The United States and Canada have preliminarily agreed that American personnel may inspect Buffalo-bound trucks in Fort Erie, Ont., as part of a long- sought plan to improve traffic flow across the Peace Bridge.
Sen. Charles E. Schumer, D-N.Y., announced the pilot agreement Monday after yearlong negotiations involving the U.S. Department of Homeland Security and its Canadian counterpart.
The plan calls for the Peace Bridge to serve as one of two experimental border crossings for 18 months beginning in late December, though the details of allowing armed Immigration and Customs Enforcement and Customs and Border Protection officers to operate in Canada – a major sticking point in previous negotiations – have yet to be determined.
Still, sources close to the talks say the two governments have agreed to one of two options. One involves allowing U.S. law enforcement officers to carry guns on Canadian soil but be subject to stringent Canadian laws and regulations. The sources say that plan could receive tough scrutiny from the officers’ union.
Another option would allow armed Canadian law enforcement personnel to accompany U.S. officers during inspections in Fort Erie, similar to current U.S. operations at major Canadian airports, including Pearson International in Toronto. Either way, the sources say Homeland Security Secretary Janet Napolitano has assured negotiators the plan is virtually certain to be implemented.
The pilot program will initially involve only the Peace Bridge and another international crossing that sources say is located in the State of Washington, with an eye toward a permanent arrangement that will require the approval of Congress and Parliament. The Washington State program is expected to begin first, followed by the larger scale effort on the Peace Bridge.
Homeland Security spokesman Peter Boogaard said initiation of the pilot program requires a bilateral memorandum of understanding expected to be completed soon by Homeland Security and Public Safety Canada, working with Customs and Border Protection and the Canada Border Services Agency.
“[Homeland Security] does not anticipate any obstacles preventing completion of the MOU in short order,” he said.
Schumer said the move will not only expedite traffic across the international span but boost trade and tourism, too.
“Now that the pilot program is in place, I will continue to work hard to ensure that the program has all the resources it needs to be successful, so that preclearance can become permanent down the road for Peace Bridge motorists,” he said. “The announcement of the pilot program is a two-way victory for Western New York and Canadian businesses.”
Eliminating the truck bottleneck on the Peace Bridge has proved an elusive goal for many years. Local officials have always expressed interest in how such a “preclearance” arrangement on the Canadian side of the Niagara River could ease long lines on the bridge and eliminate idling trucks on the current Buffalo plaza.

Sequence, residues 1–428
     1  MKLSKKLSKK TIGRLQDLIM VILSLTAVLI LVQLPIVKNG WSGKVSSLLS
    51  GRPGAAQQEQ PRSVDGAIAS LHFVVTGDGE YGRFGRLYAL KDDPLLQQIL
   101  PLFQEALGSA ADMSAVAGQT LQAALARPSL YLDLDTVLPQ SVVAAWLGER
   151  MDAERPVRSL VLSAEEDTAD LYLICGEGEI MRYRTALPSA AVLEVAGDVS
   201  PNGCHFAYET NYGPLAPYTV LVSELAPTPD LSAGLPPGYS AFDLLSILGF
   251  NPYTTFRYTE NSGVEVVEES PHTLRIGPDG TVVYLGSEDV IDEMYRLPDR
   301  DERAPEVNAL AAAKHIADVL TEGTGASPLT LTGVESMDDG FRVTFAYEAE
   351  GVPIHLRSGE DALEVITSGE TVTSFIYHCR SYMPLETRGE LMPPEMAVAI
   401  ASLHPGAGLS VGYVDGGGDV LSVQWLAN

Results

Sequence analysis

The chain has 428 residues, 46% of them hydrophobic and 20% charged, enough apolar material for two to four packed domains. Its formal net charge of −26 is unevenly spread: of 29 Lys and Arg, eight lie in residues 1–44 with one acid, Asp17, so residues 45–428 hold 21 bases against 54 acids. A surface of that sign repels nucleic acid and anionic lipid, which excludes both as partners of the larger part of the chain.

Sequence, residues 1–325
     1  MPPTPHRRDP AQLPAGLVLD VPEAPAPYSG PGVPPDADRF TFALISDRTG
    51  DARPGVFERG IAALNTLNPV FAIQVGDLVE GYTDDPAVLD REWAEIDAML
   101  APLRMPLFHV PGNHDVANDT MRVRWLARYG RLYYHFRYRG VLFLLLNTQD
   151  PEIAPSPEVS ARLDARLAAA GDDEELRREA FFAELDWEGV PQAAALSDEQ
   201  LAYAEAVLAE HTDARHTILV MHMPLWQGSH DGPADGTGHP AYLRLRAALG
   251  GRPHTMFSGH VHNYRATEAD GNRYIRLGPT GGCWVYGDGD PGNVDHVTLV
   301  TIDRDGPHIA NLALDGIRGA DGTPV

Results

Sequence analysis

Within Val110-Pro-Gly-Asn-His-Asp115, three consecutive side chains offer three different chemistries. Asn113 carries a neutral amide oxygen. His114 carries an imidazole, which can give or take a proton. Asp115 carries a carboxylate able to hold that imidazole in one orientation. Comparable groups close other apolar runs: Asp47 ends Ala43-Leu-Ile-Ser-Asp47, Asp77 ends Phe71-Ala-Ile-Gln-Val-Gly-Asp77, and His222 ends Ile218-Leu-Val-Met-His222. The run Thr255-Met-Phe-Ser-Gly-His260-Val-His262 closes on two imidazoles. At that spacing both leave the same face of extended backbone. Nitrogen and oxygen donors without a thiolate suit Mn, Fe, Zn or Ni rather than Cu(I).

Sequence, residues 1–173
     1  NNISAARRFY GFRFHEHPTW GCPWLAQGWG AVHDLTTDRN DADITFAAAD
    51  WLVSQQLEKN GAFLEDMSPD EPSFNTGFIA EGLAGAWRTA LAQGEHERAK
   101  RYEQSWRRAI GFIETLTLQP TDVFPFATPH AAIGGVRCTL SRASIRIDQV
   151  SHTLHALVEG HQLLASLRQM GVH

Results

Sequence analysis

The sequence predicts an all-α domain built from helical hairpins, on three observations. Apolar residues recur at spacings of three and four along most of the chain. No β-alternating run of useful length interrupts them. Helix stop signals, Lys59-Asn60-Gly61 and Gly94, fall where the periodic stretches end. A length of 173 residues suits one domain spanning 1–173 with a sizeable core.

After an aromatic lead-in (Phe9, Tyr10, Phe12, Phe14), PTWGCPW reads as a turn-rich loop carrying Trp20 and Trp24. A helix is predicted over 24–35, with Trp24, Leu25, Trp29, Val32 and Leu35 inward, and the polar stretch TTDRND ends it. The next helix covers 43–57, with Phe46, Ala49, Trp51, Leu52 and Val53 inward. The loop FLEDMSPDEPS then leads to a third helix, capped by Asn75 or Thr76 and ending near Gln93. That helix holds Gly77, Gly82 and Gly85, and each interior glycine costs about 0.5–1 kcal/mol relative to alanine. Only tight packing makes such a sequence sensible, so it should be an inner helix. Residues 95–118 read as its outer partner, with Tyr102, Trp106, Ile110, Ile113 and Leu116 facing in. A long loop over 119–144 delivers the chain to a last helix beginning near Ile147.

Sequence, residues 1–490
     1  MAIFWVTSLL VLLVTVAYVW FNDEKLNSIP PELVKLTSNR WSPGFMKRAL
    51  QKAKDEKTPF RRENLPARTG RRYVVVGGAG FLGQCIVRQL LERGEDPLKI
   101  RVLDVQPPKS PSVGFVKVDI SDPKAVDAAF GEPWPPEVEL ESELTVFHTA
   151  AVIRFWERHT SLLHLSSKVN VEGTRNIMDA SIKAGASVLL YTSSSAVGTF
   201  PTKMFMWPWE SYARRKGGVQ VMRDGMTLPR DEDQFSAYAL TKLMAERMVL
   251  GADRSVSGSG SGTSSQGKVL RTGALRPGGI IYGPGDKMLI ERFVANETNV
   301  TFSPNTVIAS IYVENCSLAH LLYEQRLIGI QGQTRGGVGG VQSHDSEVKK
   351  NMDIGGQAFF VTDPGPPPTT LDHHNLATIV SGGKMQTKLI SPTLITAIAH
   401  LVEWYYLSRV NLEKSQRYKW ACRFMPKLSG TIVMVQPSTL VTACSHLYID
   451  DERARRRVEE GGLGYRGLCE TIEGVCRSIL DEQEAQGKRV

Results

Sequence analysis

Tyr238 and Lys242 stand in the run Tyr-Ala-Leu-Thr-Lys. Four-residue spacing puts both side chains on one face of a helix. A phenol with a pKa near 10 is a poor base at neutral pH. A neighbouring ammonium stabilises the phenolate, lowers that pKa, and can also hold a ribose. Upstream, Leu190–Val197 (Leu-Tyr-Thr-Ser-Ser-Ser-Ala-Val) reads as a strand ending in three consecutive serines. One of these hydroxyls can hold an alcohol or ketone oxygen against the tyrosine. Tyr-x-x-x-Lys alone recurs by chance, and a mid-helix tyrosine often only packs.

The issue also becomes especially important as the Peace Bridge Authority looks to soon build a new inspections plaza on the U.S. side.
Schumer said Monday the latest development will allow the authority to consider all sorts of design options for the Buffalo plaza.
“By doing inspections on the Canadian side, it gives the people designing the New York side far more flexibility,” he said Monday, adding that much more room for inspecting trucks is available in Fort Erie.
Gov. Andrew M. Cuomo and Rep. Brian Higgins, D-Buffalo, also have been active in seeking the program for Buffalo and Fort Erie.
Cuomo said in July that placing the preclearance program in Fort Erie would represent an “early win” for the “Beyond the Border” agreement announced last year by President Obama and Canadian Prime Minister Stephen Harper, designed to further encourage trade between the nations.
Napolitano said in February 2011 that obstacles surrounding the question of armed U.S. personnel in Canada would prevent any preclearance agreement. “It cannot be done,” she said.
But Schumer and other U.S. officials refused to let the issue die, leading Washington hearings on the subject, meeting with Canadian Ambassador Gary Doer and speaking by telephone with Foreign Minister John Baird and Minister of Public Safety Vic Towes.
Schumer said that in order for the pilot program to be become permanent, it must prove successful in expediting traffic, trade and tourism between the United States and Canada, with no adverse impact on security.
He said Congress and Parliament must then pass laws that permanently govern the “privileges and immunities” of U.S. and Canadian personnel connected with the program.
Once the U.S. and Canadian governments agree to language on a permanent framework, Schumer said, he assured Homeland Security and the Canadian government that he will spearhead the effort for passage of permanent legislation in the Senate.